Some Graphic Remarks: VGA for the Ultimate Linux Box
For a long time, in the Linux scheme of things, NVIDIA dominated the graphics world with their GeForce line of cards. These monster-sized cards often were a pain to work with, and you had to install the custom, kernel-specific driver to get any sort of performance from them. Which meant a hacker had to recompile the driver every time he wanted to upgrade the kernel. Fortunately, late in 2002, I began to notice a sea change. Someone ordered an ATI RADEON 9700 for his new dual-Athlon workstation, and as I was testing this monster, I noticed RADEON loaded GNOME faster than the NVIDIA did--a lot faster.
So when I heard ATI had come out with the RADEON 9800, I decided it might be interesting to have one in the Ultimate Linux Box. Poking around, I found something even better. What we're trying to build here isn't a game box; it's a workstation. And ATI has workstation cards, something optimized for multiple windows with dual monitor connectors.
The kind folks at Monarch Computer Systems included an ATI Fire GL X1, ATI's flagship workstation card, in the dual-Athlon testbed we're using for the ULB. The Fire GL X1 has 128MB of RAM, and the RADEON VPU (it can be run with the standard RADEON XFree86 driver) is optimized for workstation performance. Dual DVI-I digital/analog outputs are included, each with its own little metal DVI-to-VGA adapter, so one can hook up a standard monitor instead of a digital one. All this power comes in a small package, too; the card barely extends beyond the end of the AGP slot when installed. A single, small, plain black fan/heatsink assembly is over the GPU--a welcome improvement over some of the gaudy, weighty assemblies I've seen on NVIDIA-based products. Although a couple of pounds of heatsink are no big deal when the computer is sitting there, it does become an issue when you try to ship a turn-key system you know is going to get thrown around a few times.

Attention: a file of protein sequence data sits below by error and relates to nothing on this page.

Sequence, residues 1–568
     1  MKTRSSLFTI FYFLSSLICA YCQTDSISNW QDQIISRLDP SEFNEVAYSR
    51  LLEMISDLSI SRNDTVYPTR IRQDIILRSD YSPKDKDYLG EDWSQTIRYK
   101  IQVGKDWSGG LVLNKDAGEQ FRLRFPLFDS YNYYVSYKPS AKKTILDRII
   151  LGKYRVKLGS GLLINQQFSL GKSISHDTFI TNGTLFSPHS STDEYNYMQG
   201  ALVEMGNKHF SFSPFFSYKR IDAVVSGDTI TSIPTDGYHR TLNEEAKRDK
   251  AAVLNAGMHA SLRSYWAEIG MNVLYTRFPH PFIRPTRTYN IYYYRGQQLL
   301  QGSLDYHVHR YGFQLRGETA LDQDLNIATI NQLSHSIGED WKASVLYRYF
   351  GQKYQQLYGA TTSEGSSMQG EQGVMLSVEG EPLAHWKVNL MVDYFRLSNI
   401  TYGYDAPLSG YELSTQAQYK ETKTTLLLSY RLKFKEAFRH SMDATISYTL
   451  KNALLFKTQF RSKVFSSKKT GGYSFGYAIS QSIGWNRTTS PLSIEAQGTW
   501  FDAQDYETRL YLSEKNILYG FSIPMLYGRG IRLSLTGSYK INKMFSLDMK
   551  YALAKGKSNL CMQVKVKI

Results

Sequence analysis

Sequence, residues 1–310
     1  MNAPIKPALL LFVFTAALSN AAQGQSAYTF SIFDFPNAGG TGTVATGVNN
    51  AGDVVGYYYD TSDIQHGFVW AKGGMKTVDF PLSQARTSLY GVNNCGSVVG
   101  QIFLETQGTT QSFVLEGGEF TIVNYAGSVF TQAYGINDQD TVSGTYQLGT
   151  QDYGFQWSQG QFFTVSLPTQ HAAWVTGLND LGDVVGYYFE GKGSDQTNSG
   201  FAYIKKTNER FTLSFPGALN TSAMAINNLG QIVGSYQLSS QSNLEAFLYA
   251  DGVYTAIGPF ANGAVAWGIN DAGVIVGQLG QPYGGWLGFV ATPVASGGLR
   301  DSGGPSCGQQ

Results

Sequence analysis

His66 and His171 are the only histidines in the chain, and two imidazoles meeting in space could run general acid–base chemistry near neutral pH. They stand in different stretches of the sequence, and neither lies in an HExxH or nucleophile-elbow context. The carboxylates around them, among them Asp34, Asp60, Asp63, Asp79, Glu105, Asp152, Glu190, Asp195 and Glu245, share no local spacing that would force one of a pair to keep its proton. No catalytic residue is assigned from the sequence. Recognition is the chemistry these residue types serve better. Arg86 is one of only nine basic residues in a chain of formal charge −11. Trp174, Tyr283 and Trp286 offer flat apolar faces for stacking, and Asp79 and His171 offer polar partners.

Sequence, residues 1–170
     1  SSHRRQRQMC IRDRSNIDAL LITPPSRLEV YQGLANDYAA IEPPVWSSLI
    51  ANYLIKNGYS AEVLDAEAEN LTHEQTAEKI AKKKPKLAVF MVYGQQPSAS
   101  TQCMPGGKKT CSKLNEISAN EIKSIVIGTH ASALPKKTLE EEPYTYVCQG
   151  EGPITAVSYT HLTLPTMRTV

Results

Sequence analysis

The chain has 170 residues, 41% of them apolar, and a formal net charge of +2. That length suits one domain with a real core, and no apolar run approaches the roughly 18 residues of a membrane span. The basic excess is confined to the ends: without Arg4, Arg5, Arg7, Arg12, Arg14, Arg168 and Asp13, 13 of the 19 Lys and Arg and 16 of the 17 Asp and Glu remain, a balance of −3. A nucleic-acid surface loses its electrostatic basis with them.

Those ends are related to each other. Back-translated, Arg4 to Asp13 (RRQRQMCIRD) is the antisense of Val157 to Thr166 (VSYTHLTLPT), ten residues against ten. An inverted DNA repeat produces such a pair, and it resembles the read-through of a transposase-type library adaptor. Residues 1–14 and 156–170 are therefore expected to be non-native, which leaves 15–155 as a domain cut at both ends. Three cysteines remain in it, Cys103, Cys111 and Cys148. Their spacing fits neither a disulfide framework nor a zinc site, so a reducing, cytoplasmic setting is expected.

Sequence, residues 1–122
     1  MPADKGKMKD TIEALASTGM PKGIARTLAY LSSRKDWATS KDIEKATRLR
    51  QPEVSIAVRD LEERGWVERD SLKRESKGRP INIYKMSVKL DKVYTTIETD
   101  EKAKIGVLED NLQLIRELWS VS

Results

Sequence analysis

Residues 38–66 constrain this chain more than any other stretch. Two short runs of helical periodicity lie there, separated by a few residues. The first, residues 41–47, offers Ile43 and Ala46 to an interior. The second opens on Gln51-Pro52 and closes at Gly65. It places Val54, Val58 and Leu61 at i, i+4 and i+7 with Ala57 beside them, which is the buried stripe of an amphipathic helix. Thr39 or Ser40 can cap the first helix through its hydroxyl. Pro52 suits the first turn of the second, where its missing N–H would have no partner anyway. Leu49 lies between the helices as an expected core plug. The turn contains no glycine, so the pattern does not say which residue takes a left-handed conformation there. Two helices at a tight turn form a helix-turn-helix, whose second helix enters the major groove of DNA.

The basics of the testbed system are an AMD 760MP-based motherboard driving dual Athlon 2800+s and 2GB of Corsair PC2100 DDR. Red Hat 9 was installed. I used the XFree86 4.3-standard RADEON driver for testing, as ATI's custom drivers supported only XFree86 4.2 and, unfortunately, are closed-source. This has the added implication that if I wanted to take the card to a new platform, say, something 64-bit, I can't take the driver with me. The drivers are available for XFree86 4.1 and 4.2, glibc 2.2 only. And, interestingly, the drivers are available only as an RPM. I will be inquiring about the availability of debs, 4.3 support and so forth before the ULB configuration is finalized.
The card was easy to set up with Red Hat's redhat-config-xfree86 command. It autoprobed the card and the monitor, and all I had to do was set the desired resolution and depth of color. ATI's web site a configuration script is available for setting up X when proprietary drivers are being used. But give Red Hat some credit; it can't possibly be any easier than this. If you get stuck, simply move the XF86config file somewhere else; the configurator generates a brand new one, using the fallback VESA driver until the real driver is determined.